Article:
In the course of the government’s announcement yesterday of its proposal for a mass surveillance data retention scheme, a number of falsehoods were uttered. Given the ministers involved have access to an army of bureaucrats who supposedly are across these issues, we can only assume the falsehoods were deliberate — but we’ll let you be the judge. Let’s go through them.
1. Malcolm Turnbull: “The important thing to understand about this metadata bill, these amendments, is that it is not creating new classes of data to be retained… it’s about preserving the status quo.”
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Turnbull, Attorney-General George Brandis and the Prime Minister have all repeatedly claimed data retention does not involve data not already retained by communications companies as part of existing business practices. This was comprehensively refuted by iiNet in its response to the government’s industry consultation paper. In fact, the government’s own paper refutes it. As iiNet notes,
“The Consultation Paper expressly states that data which falls within the defined data set will be required to be retained ‘even if this exceeds business needs’ and that ‘the policy recognises that providers may need to modify some systems to ensure they meet the minimum standard”.”
And this is no longer merely the claim of iiNet. Yesterday, Telstra stated in its response to the bill “complying with the legislation will go beyond Telstra’s current business practices”.
2. George Brandis “I want to stress, as Mr Turnbull stressed in his second reading speech, that this bill confers no new powers on ASIO, the AFP or on law enforcement agencies.”
Putting aside the minor legal point that the bill gives the government a new power to force communications companies to store data, agencies can already access metadata without a warrant, true. But the bill will give them the power to access historical data, and data in volume, enabling the extensive and detailed profiling of individuals and their communities in a way currently impossible (assuming both telcos and security agencies are operating within the law). The bill will also enable agencies to obtain data showing the geographical location of individuals, using mobile phone data. This is exactly where the bill represents the greatest threat to whistleblowers, activists, journalists and politicians: it significantly increases the power of security agencies to track down those who threaten governments and the powerful. It will also, incidentally, create a vast trove of data about an individual and a company that can be subpoenaed as part of civil litigation — imagine a large company subpoenaing the phone records of a suspected whistleblower as part of a campaign of litigation against them.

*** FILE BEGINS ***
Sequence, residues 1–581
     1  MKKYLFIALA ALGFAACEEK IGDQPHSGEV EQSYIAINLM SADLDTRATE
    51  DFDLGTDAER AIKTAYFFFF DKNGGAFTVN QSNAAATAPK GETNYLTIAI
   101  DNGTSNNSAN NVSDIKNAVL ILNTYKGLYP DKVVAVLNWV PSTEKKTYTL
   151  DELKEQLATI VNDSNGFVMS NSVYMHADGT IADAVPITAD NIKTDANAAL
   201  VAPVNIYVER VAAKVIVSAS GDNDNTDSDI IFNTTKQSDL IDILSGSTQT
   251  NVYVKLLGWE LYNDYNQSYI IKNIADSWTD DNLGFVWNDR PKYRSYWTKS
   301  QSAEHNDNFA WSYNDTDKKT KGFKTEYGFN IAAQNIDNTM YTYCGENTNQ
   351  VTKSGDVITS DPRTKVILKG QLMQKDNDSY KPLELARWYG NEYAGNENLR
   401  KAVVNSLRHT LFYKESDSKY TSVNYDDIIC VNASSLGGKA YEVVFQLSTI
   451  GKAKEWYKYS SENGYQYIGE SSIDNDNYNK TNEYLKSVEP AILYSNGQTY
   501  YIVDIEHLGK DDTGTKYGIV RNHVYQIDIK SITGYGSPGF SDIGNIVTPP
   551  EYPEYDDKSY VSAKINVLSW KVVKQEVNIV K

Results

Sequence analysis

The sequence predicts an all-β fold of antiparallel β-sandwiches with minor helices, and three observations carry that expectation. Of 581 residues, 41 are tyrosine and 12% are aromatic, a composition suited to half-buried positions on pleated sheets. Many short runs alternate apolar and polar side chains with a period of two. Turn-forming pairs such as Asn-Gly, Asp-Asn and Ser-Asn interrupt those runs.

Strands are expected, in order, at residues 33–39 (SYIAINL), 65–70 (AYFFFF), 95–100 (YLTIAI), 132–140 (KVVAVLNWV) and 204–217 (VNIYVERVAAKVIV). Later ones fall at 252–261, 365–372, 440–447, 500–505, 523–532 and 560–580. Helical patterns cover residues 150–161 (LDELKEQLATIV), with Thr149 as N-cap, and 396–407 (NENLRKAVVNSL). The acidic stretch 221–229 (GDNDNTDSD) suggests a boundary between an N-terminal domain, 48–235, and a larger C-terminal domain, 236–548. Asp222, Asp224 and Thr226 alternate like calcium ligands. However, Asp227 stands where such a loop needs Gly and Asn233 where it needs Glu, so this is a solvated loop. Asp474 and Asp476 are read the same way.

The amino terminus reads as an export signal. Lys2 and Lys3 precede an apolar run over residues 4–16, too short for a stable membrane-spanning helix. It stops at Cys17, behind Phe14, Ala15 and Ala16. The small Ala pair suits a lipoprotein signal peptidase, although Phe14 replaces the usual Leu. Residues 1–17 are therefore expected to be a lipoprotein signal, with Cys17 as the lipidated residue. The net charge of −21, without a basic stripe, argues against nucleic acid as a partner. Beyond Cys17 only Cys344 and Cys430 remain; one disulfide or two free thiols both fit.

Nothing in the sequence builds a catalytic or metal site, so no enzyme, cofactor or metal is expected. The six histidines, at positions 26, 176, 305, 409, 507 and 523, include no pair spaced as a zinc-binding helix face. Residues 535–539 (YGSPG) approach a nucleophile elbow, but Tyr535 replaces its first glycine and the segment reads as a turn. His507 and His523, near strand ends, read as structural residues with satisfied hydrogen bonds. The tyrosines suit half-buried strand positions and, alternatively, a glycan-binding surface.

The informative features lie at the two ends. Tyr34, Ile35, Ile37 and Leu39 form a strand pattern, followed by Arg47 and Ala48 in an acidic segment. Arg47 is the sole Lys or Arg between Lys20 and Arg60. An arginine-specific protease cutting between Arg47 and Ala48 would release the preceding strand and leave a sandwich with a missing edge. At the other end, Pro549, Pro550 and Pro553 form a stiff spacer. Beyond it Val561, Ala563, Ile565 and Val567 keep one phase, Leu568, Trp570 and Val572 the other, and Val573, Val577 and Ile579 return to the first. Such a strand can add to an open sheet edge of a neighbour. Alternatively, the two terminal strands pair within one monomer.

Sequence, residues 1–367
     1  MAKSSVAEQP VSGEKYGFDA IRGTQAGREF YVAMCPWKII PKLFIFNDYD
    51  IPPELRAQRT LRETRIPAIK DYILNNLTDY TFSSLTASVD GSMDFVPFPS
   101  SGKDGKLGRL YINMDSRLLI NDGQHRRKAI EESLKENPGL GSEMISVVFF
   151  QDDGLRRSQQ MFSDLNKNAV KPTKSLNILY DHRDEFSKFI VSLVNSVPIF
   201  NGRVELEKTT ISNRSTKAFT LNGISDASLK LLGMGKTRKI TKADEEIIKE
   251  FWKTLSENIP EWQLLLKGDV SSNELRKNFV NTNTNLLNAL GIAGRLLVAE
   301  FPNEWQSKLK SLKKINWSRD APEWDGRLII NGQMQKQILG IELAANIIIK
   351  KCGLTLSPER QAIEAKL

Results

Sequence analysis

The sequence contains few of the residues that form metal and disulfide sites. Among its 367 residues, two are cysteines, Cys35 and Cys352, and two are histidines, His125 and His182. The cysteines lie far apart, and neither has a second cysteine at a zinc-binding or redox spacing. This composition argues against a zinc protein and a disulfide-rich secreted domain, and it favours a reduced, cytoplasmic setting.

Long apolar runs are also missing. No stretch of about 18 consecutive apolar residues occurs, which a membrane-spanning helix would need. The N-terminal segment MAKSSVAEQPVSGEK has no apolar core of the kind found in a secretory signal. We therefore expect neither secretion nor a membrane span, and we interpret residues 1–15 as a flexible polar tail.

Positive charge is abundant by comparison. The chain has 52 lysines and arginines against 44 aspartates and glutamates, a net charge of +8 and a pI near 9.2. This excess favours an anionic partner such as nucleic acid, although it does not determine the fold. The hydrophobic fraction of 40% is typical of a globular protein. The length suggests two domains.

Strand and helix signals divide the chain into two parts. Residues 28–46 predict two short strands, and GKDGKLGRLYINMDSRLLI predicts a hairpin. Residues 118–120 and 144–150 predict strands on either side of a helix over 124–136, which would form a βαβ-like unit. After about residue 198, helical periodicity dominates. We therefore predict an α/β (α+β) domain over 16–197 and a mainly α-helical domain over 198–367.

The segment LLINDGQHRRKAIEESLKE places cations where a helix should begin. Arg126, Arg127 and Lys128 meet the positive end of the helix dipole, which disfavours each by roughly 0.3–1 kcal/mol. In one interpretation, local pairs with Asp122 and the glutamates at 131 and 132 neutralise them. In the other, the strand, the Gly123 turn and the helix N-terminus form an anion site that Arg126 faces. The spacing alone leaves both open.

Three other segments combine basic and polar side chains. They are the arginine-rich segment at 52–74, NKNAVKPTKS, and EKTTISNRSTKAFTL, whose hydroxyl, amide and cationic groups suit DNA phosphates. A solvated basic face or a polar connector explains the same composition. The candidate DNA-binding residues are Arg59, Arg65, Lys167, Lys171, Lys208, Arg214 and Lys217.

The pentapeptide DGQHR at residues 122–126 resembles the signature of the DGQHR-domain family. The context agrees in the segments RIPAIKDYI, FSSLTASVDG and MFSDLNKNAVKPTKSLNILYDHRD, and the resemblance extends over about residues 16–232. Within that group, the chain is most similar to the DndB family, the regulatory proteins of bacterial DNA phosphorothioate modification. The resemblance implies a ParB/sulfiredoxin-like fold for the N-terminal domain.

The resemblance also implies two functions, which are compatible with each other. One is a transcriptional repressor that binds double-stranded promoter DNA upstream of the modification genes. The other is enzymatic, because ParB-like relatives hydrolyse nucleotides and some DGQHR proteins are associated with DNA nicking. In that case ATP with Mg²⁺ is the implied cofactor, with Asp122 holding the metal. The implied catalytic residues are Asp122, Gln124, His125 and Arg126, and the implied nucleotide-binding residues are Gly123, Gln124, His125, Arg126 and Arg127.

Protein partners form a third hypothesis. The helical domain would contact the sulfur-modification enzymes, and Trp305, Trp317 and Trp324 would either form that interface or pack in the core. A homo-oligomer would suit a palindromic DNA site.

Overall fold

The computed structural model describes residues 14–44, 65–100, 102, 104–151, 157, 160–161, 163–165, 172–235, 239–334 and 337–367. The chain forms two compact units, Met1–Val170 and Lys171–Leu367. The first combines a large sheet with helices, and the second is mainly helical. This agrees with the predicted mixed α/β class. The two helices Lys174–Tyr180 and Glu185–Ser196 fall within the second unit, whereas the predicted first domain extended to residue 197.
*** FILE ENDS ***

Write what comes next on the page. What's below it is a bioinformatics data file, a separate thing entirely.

3. Duncan Lewis, head of ASIO: “access to telecommunications metadata history is critical and central to ASIO’s work as we go about protecting the security and the safety of we Australians, our families and our interests.”
Andrew Colvin, head of the AFP: I speak on behalf of all law enforcement in this country when I say how fundamentally important this is to us, not just in a national security context but so fundamental in most of the crimes, particularly serious and organised crimes, that we investigate on a daily basis.
No one disputes that metadata is a key investigative tool. But if metadata history is critical and central to ASIO’s work, why has it barely used the data preservation power given to agencies in 2012? That enables ASIO to require a telco to preserve data for up to 90 days before it needs to get a warrant — which is just shy of the three month period that, in the UK, covers 75% of all data requests. ASIO already has the power to capture someone’s metadata history if they’re linked to any crime carrying more than three years in jail, and it’s not using it. And why two years? The original, now overturned, European Union data retention directive was for a minimum of six months. As the UK data shows, the vast majority of data requests relate to data less than three months old.